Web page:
Global motion perception is independent from contrast sensitivity for coherent motion direction discrimination and visual acuity in 4.5-year-old children

Arijit Chakraborty, Nicola S Anstice, Robert J Jacobs, Nabin Paudel, Linda L LaGasse, Barry M Lester, Trecia A Wouldes, Jane E Harding, Benjamin Thompson

Research output: Contribution to journalArticle

8 Citations (Scopus)

Abstract

Global motion processing depends on a network of brain regions that includes extrastriate area V5 in the dorsal visual stream. For this reason, psychophysical measures of global motion perception have been used to provide a behavioral measure of dorsal stream function. This approach assumes that global motion is relatively independent of visual functions that arise earlier in the visual processing hierarchy such as contrast sensitivity and visual acuity. We tested this assumption by assessing the relationships between global motion perception, contrast sensitivity for coherent motion direction discrimination (henceforth referred to as contrast sensitivity) and habitual visual acuity in a large group of 4.5-year-old children (n=117). The children were born at risk of abnormal neurodevelopment because of prenatal drug exposure or risk factors for neonatal hypoglycemia. Motion coherence thresholds, a measure of global motion perception, were assessed using random dot kinematograms. The contrast of the stimuli was fixed at 100% and coherence was varied. Contrast sensitivity was measured using the same stimuli by fixing motion coherence at 100% and varying dot contrast. Stereoacuity was also measured. Motion coherence thresholds were not correlated with contrast sensitivity or visual acuity. However, lower (better) motion coherence thresholds were correlated with finer stereoacuity (ρ=0.38, p=0.004). Contrast sensitivity and visual acuity were also correlated (ρ=-0.26, p=0.004) with each other. These results indicate that global motion perception for high contrast stimuli is independent of contrast sensitivity and visual acuity and can be used to assess motion integration mechanisms in children.

Original languageEnglish
Pages (from-to)83-91
Number of pages9
JournalVision Research
Volume115
DOIs
Publication statusPublished - Oct 2015
Externally publishedYes

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Motion Perception
Contrast Sensitivity
Visual Acuity
Direction compound
Discrimination (Psychology)
Hypoglycemia
Brain

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Chakraborty, Arijit ; Anstice, Nicola S ; Jacobs, Robert J ; Paudel, Nabin ; LaGasse, Linda L ; Lester, Barry M ; Wouldes, Trecia A ; Harding, Jane E ; Thompson, Benjamin. / Global motion perception is independent from contrast sensitivity for coherent motion direction discrimination and visual acuity in 4.5-year-old children. In: Vision Research. 2015 ; Vol. 115. pp. 83-91.
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Global motion perception is independent from contrast sensitivity for coherent motion direction discrimination and visual acuity in 4.5-year-old children. / Chakraborty, Arijit; Anstice, Nicola S; Jacobs, Robert J; Paudel, Nabin; LaGasse, Linda L; Lester, Barry M; Wouldes, Trecia A; Harding, Jane E; Thompson, Benjamin.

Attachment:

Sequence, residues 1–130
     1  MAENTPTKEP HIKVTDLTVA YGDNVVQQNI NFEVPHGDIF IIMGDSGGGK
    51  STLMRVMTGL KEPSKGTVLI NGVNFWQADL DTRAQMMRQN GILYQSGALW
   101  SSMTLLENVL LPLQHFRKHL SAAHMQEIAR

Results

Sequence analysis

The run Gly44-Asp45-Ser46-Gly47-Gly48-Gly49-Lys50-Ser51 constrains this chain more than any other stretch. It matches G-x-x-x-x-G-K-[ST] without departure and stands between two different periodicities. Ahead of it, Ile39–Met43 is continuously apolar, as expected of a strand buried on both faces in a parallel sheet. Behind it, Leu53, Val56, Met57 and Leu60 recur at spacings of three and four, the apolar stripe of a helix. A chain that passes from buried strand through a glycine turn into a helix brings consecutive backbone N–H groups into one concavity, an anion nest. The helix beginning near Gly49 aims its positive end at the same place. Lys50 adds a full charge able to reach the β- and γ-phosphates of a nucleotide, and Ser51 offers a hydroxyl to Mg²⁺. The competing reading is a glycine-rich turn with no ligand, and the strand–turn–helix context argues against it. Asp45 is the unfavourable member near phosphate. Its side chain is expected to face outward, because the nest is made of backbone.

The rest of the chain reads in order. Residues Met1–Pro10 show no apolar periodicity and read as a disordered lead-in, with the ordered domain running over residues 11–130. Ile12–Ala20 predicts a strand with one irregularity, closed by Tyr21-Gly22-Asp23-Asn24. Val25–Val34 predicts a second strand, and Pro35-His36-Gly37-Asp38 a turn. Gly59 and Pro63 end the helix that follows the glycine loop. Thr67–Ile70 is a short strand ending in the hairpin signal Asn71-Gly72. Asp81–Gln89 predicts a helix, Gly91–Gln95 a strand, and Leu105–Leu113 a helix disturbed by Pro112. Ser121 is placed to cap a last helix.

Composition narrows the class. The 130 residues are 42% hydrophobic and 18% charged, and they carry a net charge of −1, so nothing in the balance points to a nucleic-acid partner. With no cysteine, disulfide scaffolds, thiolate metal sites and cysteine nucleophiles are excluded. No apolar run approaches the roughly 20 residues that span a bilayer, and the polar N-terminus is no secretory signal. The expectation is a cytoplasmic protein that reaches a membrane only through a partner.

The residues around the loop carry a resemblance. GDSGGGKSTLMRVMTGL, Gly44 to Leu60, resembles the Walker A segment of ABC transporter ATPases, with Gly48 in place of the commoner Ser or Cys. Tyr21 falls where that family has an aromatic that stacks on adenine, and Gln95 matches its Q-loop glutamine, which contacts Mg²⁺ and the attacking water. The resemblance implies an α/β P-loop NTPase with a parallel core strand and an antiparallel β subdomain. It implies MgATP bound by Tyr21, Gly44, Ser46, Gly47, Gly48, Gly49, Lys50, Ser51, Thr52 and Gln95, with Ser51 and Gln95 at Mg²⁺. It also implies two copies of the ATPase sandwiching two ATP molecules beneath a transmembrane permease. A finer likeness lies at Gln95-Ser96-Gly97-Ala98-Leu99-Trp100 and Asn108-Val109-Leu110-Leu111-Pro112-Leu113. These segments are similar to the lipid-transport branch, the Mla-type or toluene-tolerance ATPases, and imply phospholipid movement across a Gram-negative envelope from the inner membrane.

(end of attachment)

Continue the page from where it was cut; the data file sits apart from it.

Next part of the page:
In: Vision Research, Vol. 115, 10.2015, p. 83-91.

Research output: Contribution to journalArticle

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AU - Chakraborty, Arijit

AU - Anstice, Nicola S

AU - Jacobs, Robert J

AU - Paudel, Nabin

AU - LaGasse, Linda L

AU - Lester, Barry M

AU - Wouldes, Trecia A

AU - Harding, Jane E

AU - Thompson, Benjamin

N1 - Copyright © 2015 Elsevier Ltd. All rights reserved.

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N2 - Global motion processing depends on a network of brain regions that includes extrastriate area V5 in the dorsal visual stream. For this reason, psychophysical measures of global motion perception have been used to provide a behavioral measure of dorsal stream function. This approach assumes that global motion is relatively independent of visual functions that arise earlier in the visual processing hierarchy such as contrast sensitivity and visual acuity. We tested this assumption by assessing the relationships between global motion perception, contrast sensitivity for coherent motion direction discrimination (henceforth referred to as contrast sensitivity) and habitual visual acuity in a large group of 4.5-year-old children (n=117). The children were born at risk of abnormal neurodevelopment because of prenatal drug exposure or risk factors for neonatal hypoglycemia. Motion coherence thresholds, a measure of global motion perception, were assessed using random dot kinematograms. The contrast of the stimuli was fixed at 100% and coherence was varied. Contrast sensitivity was measured using the same stimuli by fixing motion coherence at 100% and varying dot contrast. Stereoacuity was also measured. Motion coherence thresholds were not correlated with contrast sensitivity or visual acuity. However, lower (better) motion coherence thresholds were correlated with finer stereoacuity (ρ=0.38, p=0.004). Contrast sensitivity and visual acuity were also correlated (ρ=-0.26, p=0.004) with each other. These results indicate that global motion perception for high contrast stimuli is independent of contrast sensitivity and visual acuity and can be used to assess motion integration mechanisms in children.

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KW - Sensory Thresholds/physiology

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